Like a rat in a maze, I strongly believe that any trying time should be met with a reward at the end. (Cash, popsicles, vacations, laptops, degrees, wedge of cheese - all solid endings to gross journeys.) Basically, I only do hard things to get a treat at the end, pretty much. If you're ok with just slogging and slogging when it never gets better, you're officially better than me. Because, every day of the early first trimester where I sucked it up and couldn't even muster the energy to put on mascara, or not wear Nuv's sweatpants on the weekends, and my sense of smell was so acute I could have joined the Police dog force, and the norm became up 4 times a night to pee; when I essentially hid from civilization and didn't want to hear songs or watch tv or even look at gossip websites, all I thought was WHEN CAN I TELL MY MAMA AND MAKE HER CRY?
And all our friends? The world? I needed some goddamn credit and praise and tears and Congratulations! and presents. (See, already becoming a selfless parent!) The best part about being engaged years ago, because it certainly wasn't the To-Do List that multiplied every day like a monster that wouldn't die, was getting randomly congratulated by strangers on being a fiancee. "Thanks!" I'd say, amazed that I could take credit for literally just saying "yes" on a beach and then crying and then calling my Mama. For this new endeavour, all I did was get successfully squirted up into, but still I needed some credit. I needed praise for my ever increasing barf efficiency (Hup, two three four and down on the knees while the lid and seat come up, output, flush and mouthwash rinse in under 1 minute, then back to the couch.)
The popular (and sensible) rule states to not tell anybody until you're past the first trimester. Statistically, if something will go wrong, that's when it normally does, in those tenuous first few months. Practically, I knew this and understood this, but I have never bit my tongue so hard for so long and when you think about 90 long days where you are being slowly transformed into a modern day Wolfman, but can't clutch someone's arm and tell them why you're howling at the moon, or why there is acne on your arms (!!!); well, every single day that passes eats the big shit.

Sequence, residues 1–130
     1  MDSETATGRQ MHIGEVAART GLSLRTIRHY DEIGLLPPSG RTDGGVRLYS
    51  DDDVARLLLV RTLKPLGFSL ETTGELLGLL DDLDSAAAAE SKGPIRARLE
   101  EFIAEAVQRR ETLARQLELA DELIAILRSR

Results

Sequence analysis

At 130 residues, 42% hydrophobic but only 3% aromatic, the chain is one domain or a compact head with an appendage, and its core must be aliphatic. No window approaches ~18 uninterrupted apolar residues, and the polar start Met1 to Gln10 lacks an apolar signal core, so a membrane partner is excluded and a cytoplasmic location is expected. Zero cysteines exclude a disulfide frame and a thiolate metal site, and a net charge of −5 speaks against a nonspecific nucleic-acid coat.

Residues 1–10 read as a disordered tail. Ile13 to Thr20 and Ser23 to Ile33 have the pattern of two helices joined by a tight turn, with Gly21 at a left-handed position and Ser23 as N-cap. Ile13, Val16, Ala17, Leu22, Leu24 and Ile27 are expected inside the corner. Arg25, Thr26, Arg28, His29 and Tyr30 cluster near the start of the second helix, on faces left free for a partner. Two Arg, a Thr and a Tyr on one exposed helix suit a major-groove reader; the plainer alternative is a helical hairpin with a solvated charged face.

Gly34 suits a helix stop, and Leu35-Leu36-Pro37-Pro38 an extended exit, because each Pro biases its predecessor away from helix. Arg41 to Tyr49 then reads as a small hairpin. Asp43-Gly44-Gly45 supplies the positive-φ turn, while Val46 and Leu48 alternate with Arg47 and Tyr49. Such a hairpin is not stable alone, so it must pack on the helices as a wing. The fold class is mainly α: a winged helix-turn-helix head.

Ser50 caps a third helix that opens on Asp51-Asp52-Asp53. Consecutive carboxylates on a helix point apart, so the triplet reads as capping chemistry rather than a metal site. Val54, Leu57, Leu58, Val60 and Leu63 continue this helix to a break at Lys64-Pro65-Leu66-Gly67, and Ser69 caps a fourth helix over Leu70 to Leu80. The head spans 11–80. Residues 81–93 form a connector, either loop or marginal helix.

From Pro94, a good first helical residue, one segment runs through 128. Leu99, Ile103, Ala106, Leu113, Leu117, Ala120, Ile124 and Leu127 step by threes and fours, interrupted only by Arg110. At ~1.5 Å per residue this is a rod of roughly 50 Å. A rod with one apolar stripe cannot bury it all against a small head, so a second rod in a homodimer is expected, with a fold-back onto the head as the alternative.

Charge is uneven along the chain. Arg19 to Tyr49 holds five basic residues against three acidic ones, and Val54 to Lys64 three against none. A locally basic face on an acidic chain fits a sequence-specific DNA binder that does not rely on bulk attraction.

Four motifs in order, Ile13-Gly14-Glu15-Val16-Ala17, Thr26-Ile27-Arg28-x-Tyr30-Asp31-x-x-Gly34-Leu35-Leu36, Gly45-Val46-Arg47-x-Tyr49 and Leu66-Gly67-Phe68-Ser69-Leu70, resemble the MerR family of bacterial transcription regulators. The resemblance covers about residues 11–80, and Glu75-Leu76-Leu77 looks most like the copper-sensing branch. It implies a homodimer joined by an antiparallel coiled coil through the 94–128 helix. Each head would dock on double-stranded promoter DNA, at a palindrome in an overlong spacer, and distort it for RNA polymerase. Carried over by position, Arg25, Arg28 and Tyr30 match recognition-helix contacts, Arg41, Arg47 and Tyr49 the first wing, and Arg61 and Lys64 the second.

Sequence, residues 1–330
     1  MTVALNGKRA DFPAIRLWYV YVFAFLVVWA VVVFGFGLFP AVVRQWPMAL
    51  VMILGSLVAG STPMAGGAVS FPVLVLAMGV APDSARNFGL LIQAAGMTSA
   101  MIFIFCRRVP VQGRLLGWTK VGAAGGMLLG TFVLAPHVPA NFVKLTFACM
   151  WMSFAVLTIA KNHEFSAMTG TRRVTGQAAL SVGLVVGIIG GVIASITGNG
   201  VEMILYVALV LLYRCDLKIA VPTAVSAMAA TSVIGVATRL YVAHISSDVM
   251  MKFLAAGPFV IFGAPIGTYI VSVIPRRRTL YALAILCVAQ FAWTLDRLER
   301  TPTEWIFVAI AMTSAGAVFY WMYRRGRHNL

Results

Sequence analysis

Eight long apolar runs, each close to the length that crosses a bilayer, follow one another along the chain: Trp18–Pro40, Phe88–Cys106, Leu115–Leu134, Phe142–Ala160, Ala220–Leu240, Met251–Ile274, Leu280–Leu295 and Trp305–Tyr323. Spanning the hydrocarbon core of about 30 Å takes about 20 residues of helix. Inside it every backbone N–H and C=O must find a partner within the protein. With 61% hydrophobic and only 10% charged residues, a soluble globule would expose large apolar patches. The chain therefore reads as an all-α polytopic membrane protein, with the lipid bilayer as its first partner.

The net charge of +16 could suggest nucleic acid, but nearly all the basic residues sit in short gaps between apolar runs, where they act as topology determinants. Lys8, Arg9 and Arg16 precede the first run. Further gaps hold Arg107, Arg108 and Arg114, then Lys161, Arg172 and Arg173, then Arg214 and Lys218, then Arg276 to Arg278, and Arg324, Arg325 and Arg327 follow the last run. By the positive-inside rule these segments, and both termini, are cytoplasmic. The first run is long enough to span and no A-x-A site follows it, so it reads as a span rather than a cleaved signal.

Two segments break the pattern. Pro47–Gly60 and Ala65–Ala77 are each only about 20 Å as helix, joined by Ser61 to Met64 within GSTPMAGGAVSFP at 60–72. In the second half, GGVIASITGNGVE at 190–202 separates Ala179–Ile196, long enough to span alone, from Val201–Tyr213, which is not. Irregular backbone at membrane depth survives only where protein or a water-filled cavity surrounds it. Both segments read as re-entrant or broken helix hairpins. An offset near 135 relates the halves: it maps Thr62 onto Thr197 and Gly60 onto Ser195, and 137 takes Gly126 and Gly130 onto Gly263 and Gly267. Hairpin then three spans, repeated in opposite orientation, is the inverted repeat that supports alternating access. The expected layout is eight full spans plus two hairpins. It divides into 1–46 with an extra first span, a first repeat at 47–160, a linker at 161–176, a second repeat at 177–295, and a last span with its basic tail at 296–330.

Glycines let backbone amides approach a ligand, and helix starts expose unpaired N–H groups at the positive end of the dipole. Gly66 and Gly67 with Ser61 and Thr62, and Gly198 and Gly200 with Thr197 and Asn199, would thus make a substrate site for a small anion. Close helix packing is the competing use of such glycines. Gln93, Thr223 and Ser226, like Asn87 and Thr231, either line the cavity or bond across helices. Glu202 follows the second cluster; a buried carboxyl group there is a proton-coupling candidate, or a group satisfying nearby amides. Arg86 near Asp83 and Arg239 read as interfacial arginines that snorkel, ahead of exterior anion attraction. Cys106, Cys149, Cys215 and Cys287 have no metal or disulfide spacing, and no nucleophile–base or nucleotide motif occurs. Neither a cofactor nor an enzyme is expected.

So, we folded. Nuv's birthday party fell the week before the 10 week ultrasound, and we knew it was irresponsible and silly, but we were going to have a large group of people we loved assembled together at Honjin, and, really, I would have had to wear masking tape over my mouth and stayed in the trunk of the car to not slam my hands down on the table and yell the news to everybody.
Before the dinner, we called the Moms and siblings and oh, the tears and validation. My body was filled with good good vibes instead of bile for the first time in months. It was like being high, and so amazing and exciting. Telling my Mama she was going to be a Gramma is pretty much the greatest conversation we've ever had. At the dinner, Nuv made a speech and told the group and the girls cried and the boys were terrified/happy for us and I drank two litres of water and made it through two avocado rolls and it was awesome. Mad props for me on all sides and I drank it up hard.
So, the next ultrasound was at St. Paul's and Nuv got to come into the room, and of course, it was a student technician who could not find my ovaries (How inept am I at human kinesiology? I then worried I had none.), so he called in the experienced pro who jammed the handheld mouse all along my stomach and then we saw this:
You little magic monkey weirdo! A teeny tiny fluttering heart, little legs kicking, hiccups! And my uterus - shaped like a heart! See, I'm not such a bad person after all. And right then, the rabbit pellet poops, the long dark hairs marching down from my bellybutton, the chest acne, the no sleep, the annihilated bladder, the streaked boobs, and every single second of every nausea-filled day, it all came down to this. You here, my sweet little bubs, you were my effing reward.